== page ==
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If you want to avoid having to pay taxes on the distributions in retirement when you have a simplified employee pension individual retirement account, you have the choice of converting it into a Roth IRA. This can be done regardless of having the pension account whether from an employer or by setting it up yourself.

However, you need to know that you will still have to pay the taxes in the year you convert the account, so converting is usually recommended only if you think you’ll be paying a higher rate when you retire.

Methods of Converting SEP IRA to Roth IRA

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SEP IRA can be converted to Roth IRA using rollover or transfer methods. When using the rollover method, you will take a distribution from the SEP-IRA and will have to redeposit the money into a Roth IRA within 60 days.

If you go with the transfer method, you will have to tell a trustee about your SEP IRA to move the money in it directly to your Roth IRA. The transfer method is highly recommended if you wish to avoid the risk of missing on the 60-day deadline and the income tax withholding that comes with a rollover.

What Are the Resulting Taxes of a Conversion?

When you convert SEP to Roth, it will result in the amount of conversion counting as the taxable income in the year you switched the accounts. The money you contribute to SEP IRA is not taxable, but when you convert it to Roth IRA, which is an after-tax account, you’ll have to pay the taxes.

The money you move to a Roth will be taxed as ordinary income. In other words, the more income you have, the higher your tax rate will be when converted.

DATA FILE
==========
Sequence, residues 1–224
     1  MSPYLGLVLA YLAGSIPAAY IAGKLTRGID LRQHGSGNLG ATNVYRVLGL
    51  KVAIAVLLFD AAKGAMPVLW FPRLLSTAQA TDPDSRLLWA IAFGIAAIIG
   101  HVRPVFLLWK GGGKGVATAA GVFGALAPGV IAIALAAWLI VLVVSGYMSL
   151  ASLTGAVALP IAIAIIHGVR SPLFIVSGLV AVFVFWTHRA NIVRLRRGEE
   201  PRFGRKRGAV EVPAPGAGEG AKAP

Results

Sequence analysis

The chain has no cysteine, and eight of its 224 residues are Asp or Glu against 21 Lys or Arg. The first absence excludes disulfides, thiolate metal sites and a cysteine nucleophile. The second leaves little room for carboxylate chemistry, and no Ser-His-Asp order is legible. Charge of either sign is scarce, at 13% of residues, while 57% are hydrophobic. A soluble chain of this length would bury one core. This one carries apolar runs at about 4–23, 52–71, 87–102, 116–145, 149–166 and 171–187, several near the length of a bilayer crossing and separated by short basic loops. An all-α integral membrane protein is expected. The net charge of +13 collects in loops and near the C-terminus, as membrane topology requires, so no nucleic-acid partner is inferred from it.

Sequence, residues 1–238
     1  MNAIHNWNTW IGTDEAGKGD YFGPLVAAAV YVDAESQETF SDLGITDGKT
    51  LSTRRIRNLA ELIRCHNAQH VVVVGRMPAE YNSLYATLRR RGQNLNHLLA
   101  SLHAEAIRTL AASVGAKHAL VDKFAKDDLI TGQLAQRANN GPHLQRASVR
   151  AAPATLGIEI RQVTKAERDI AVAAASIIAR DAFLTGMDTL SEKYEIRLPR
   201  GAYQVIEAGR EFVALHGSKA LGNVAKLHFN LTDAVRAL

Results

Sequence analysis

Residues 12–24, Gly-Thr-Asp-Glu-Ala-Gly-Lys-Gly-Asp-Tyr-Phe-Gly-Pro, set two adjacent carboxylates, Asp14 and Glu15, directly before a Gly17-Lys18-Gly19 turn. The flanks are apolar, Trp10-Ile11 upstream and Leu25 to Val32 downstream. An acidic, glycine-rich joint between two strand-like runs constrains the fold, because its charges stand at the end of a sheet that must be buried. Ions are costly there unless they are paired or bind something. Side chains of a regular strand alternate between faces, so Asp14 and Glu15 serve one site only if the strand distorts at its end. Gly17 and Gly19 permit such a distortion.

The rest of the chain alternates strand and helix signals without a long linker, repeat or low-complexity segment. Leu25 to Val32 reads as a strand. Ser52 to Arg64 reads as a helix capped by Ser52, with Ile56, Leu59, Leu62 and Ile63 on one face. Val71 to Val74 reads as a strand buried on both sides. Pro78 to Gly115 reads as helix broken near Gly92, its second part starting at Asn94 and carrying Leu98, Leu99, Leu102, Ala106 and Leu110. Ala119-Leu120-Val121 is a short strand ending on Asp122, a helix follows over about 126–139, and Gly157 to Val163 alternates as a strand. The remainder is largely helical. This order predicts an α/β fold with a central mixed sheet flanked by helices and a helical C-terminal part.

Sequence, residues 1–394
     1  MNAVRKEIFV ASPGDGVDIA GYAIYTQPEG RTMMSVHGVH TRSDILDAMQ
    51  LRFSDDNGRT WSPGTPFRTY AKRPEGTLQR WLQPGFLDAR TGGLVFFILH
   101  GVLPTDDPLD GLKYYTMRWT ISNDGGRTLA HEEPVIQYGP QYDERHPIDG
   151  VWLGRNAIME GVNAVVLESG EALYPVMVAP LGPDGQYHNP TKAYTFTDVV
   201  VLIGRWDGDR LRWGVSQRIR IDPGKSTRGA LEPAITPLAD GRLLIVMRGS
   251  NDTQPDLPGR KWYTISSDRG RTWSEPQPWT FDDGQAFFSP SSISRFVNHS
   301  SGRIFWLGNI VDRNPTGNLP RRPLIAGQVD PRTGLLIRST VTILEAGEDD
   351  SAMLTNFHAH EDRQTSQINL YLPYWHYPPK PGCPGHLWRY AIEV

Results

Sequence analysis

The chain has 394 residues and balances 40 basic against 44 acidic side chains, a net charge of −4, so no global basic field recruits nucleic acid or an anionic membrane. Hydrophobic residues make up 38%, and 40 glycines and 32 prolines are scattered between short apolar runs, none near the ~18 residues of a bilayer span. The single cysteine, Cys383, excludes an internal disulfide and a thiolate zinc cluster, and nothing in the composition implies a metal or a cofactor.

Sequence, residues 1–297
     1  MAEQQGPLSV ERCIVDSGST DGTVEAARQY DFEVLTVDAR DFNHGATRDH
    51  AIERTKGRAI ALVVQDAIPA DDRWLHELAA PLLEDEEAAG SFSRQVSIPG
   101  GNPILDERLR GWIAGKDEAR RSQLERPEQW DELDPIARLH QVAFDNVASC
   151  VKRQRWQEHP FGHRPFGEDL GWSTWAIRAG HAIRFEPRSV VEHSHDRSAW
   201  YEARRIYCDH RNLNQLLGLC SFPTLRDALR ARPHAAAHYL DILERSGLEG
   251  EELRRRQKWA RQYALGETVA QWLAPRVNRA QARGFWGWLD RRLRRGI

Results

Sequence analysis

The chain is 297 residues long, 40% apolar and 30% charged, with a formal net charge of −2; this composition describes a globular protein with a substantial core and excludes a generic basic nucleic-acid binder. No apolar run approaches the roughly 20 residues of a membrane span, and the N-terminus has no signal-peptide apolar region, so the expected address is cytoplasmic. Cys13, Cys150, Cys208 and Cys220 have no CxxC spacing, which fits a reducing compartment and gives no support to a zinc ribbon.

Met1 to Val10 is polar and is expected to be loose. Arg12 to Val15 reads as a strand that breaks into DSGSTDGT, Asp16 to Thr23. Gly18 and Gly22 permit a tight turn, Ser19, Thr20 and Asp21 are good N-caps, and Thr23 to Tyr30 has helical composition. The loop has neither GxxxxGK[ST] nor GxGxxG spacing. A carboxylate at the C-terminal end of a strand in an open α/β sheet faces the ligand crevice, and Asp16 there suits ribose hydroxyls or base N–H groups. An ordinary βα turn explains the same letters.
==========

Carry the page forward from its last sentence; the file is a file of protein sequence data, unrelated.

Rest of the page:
What About Tax Reporting?

You will have to report the conversion by filling a form 1040 or form 1040A when you file your tax returns. You will have to show the complete amount as a nontaxable IRA distribution and will have to fill the complete form 8606 in order to find out the taxable portion. You will then have to report the taxable amount which is usually the entire conversion.

Future Distributions

When the money is converted into a Roth IRA, you cannot take qualified distributions of the money and any earnings on it until at least five years have passed from the date of the rollover.

This is a general requirement separate from other requirements for taking the distributions from the account. For instance, if you convert SEP to Roth in 2014, even if you have 59 ½ in 2016, you will still have to wait until the year 2019 to take any qualified distributions.

Tim Schmidt

About 

A Florida-based Entrepreneur, Author, and Life Hacker, Tim Schmidt decided to take control of his retirement portfolio several years ago by setting up a self-directed IRA. This blog shares his thoughts and opinions on the top of retirement and investments. You can follow his career and travels on his Official Website as well as on his Instagram page.

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